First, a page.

Okura Marine Reserve
Looking for somewhere safe to swim with your horse in Auckland? Or a beach ride with a difference? Ride at Okura - where you ride in the sea.
Strictly speaking Okura is a tidal estuary, and marine reserve that provides some fun riding when the tide is out.
Tides are doubly important here because in order to get to the estuary you must cross the boating channel!!!
Be very aware of the sensitive nature of this area; dotterels nest here and it is important to avoid nests to protect these birds, make sure your dogs are also kept away if they accompany you.
Terrain and Trails
Okura is a tidal estuary and therefore consists of mudflats, sandbars and marine rock outcrops covered in oyster shells. This provides a unique horse riding experience; horse riding in the sea rather than on a beach.
There are no specific trails and you should plan on only riding for around an hour at this location, during the lowest part of the tide, or you will be swimming back.
Stay off rocks as these will be extremely slippery and covered in oysters, that can rip you and your horse to shreds if you have problems.
DO NOT ride on the shell banks near the Silverstream shoreline. Dotterels nest on them and a hoof will destroy eggs or young birds.
Access and Parking
Access is from Okura River Road. Park at the Community Hall, which is on your left on the way down Okura River Rd.
- Be considerate. Clean up all horse manure and any other rubbish.
- Park considerately. Do not park on any grassy area if it is wet.
- DO NOT park at the bottom of the hill near the boat ramp - this seriously annoys locals, and may cost us the option of riding here.
Once unloaded, ride down Okura River Road to the boat ramp where you will cross the boat channel to ride on the mudflats on the other side.
Map and Directions
Okura River Rd, is between Torbay and Stillwater. If you are coming from the north, it is a very sharp hairpin turn onto Okura River Rd as you reach the top of a hill on East Coast Rd.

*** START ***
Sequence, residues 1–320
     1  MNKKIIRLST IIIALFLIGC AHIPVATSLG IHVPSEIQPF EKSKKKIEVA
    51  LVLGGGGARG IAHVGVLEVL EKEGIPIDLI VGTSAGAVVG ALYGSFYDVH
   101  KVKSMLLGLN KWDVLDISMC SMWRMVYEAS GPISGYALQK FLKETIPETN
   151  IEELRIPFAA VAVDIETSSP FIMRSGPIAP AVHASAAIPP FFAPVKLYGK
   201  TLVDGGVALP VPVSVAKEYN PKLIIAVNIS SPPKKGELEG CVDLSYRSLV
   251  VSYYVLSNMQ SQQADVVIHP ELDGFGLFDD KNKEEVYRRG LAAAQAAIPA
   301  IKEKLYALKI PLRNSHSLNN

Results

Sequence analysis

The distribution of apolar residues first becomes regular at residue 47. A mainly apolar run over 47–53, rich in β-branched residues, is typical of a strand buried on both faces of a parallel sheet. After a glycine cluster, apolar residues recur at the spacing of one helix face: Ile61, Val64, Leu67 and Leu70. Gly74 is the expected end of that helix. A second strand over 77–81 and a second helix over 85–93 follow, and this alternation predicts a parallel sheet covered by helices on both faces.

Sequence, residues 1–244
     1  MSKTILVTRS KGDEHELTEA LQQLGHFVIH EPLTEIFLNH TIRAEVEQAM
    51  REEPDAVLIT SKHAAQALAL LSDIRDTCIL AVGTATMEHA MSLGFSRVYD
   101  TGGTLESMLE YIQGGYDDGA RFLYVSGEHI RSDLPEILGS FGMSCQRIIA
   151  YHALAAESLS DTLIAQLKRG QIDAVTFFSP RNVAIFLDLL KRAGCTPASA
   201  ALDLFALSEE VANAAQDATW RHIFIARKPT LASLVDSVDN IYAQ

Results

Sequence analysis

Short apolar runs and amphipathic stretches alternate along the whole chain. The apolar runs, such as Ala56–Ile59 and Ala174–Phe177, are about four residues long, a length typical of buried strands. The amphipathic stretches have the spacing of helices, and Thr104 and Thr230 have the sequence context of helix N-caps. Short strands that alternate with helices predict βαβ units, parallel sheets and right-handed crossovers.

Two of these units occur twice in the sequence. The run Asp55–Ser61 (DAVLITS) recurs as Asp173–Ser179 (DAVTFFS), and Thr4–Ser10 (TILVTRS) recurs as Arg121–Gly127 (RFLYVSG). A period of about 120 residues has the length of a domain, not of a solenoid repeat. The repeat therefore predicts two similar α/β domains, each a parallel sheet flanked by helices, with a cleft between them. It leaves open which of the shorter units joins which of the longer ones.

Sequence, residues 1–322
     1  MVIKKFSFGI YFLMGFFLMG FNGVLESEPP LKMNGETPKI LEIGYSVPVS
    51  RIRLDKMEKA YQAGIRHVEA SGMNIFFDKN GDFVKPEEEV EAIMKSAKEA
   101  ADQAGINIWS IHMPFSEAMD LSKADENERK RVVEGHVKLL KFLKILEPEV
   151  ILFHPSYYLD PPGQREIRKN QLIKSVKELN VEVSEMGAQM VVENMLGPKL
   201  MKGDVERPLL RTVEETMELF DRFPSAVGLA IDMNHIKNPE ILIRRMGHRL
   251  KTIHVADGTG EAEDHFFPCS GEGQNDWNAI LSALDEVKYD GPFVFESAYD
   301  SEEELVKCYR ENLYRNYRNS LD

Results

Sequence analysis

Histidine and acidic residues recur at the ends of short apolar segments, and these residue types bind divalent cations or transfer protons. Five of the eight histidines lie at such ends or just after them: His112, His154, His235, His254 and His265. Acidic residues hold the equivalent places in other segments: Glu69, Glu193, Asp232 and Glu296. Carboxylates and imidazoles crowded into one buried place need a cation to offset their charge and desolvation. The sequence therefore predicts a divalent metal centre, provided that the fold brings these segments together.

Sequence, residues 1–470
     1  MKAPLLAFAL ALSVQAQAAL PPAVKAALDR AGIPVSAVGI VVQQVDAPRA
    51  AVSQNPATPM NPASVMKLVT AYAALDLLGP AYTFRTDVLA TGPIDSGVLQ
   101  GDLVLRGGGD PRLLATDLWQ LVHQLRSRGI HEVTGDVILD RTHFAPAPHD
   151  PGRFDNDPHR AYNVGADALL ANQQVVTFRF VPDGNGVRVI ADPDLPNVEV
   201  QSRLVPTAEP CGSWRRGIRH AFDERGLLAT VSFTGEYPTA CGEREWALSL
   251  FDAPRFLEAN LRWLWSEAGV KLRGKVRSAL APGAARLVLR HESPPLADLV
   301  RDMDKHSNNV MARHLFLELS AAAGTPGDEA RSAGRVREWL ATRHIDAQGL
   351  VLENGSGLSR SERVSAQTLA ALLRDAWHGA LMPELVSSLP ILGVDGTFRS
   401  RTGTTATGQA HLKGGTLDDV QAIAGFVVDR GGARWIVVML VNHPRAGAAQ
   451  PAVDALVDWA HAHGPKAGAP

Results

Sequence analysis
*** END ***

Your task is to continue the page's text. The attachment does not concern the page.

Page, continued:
Horse riding is on the north side of Okura River, up the Weiti River (not south).
Help the Dotterels at Okura
Dotterel Nesting: September - Feb
DO NOT RIDE on shell banks or shorelines at Okura
From mid-winter onwards, pairs begin to move back to their nesting territories, which they defend vigorously against other pairs. Nesting usually begins in September. Two or three well-camouflaged eggs are laid in a scrape in the sand, commonly among shells and driftwood just above the high tide mark. Because they are so hard to see, nests are sometimes crushed by people, vehicles, horses or stock.
NZ dotterels commonly try to distract intruders near their nest by pretending to be injured – they will even fake a broken wing - all the time leading the intruder further from the nest. If the eggs are lost to predators, or to natural factors such as storms or big tides, the birds will re-nest up to four times in one season.
Eggs are incubated for about a month.. The parents guard them, but they must find all their own food. When danger threatens, the chicks run to the nearest cover and freeze, crouching low keeping still until the parents sound the all-clear.
Chicks can usually fly by the age of six - seven weeks, but this time may be extended if their feeding is reduced by continual disturbance
Help the Dotterels
People, their pets and vehicles pose a major threat to NZ dotterels. Please stay out of roped-off areas and keep dogs and vehicles off beaches and sandspits when dotterels are present. If you see a NZ dotterel feigning injury, it has a nest or chicks nearby. Please move away from the area quickly - birds will not return to incubate until you have gone and eggs can overheat or become chilled quickly.